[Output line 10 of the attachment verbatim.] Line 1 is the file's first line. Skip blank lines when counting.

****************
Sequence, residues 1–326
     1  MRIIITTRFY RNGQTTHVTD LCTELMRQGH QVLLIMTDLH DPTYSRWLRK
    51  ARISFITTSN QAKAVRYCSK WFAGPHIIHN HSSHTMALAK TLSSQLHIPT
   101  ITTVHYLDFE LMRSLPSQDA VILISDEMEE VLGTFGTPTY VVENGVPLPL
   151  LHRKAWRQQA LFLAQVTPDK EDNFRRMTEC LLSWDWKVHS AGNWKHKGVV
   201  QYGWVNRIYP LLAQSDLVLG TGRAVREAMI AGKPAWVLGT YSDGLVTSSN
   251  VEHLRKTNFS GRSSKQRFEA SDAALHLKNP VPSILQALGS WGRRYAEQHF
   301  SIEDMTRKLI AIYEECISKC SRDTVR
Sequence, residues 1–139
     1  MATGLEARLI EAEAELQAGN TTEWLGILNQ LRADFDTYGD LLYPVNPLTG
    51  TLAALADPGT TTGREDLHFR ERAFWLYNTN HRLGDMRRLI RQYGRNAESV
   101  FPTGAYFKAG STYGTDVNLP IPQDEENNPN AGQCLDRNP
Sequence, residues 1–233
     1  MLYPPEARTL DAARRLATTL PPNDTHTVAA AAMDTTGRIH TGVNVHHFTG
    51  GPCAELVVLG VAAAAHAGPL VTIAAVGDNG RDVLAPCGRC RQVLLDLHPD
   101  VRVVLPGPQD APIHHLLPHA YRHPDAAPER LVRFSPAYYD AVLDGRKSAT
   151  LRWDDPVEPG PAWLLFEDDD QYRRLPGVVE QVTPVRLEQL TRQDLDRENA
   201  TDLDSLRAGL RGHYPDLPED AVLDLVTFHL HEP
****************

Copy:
     1  MATGLEARLI EAEAELQAGN TTEWLGILNQ LRADFDTYGD LLYPVNPLTG